Furthermore, all the carbon from the crop isn't all released into the atmosphere. A lot of is is in the sugar itself. It's going to be used for, well, whatever plants and animals use carbon for. Some, probably most of it, will doubtless make it's way back into the atmosphere as carbon dioxide after it's been burned in (in all likelihood) human bodies, but some of it will stay as sugar, or become more complex molecules after being broken down. Some of it may even be used for industrial uses. But you can't really blame sugar companies for all the CO2 that their customers produce, even if it's with their product.


  • Discourse touched me in a no-no place

    @dkf said:

    I guess they're counting on planting extra trees elsewhere to offset the carbon they emit.

    If only someone had looked up the website linked in the very first picture in post 2 oh wait.

    Renewable energy, carbon offsets, or reforestation/deforestation avoidance.



  • @BaconBits said:

    The part I'm talking about is the remaining useless cellulose and the boilers they use

    FYI, bagasse board is important cheap material for making furnitures like cupboards.

    And in some countries, they further ferment bagasse to produced alcohol, and then mix the alcohol with gasoline to produce gasohol as fuel.



  • @BaconBits said:

    However, you've got to also remember that the first thing they do after they harvest a crop is plant the next year's crop, and they plan on growing about the same amount that they just harvested, so they're planning on spending the next year extracting the exact same amount of carbon that they just harvested. In that sense, all farming is sort of carbon-neutral.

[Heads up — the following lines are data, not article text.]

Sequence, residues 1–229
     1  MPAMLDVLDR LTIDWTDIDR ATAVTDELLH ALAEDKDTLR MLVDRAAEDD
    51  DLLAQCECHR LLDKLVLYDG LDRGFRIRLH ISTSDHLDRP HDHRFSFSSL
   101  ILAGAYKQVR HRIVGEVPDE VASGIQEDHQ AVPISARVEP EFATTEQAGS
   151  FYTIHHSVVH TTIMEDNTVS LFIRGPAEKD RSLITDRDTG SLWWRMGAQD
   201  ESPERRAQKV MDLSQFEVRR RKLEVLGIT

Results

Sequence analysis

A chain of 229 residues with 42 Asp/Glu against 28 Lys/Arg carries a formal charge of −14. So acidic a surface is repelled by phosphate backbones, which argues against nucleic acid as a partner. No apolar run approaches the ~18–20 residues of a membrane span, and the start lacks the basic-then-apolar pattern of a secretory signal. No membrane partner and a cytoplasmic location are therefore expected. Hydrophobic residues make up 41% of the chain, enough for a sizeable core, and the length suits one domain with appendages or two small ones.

Depends on what they use to fertilize, how they collect the crop, etc.

    If they are using machines, are they all electric, with electricity from green energy.

    If they are using humans, well.... humans fart.

    How do they distribute the product? Do they use trains? Electric trains? That use solar energy.

    In reality there are so many moving parts, it's just better to estimate and then round down "80% green energy used to make this product". Same thing they do for recycled paper.

    Which, ironically, it usually takes more effort to recycle paper, and certainly more cost, which likely means more carbon footprint.

    tl;dr?

    Green energy is a luxury.


  • Discourse touched me in a no-no place

    @xaade said:

    If they are using humans, well.... humans fart.

    Not nearly as much on average as cows do. You might have coworkers who buck this trend…



  • Well you know, I'm a programmer, and so I'm surrounded by male coworkers....



  • @NTW said:

    Personally I think the fact that most plant matter comes from THIN AIR + SUNLIGHT around us should make more people go :wtf:.:

    Pretty sure that most plants also require water and (usually soil) nutrients.



  • Yes, but most of the matter in a tree comes from the air! And the water for the trees comes from the air too :) https://m.youtube.com/watch?v=ITpDrdtGAmo see about the 2 min mark.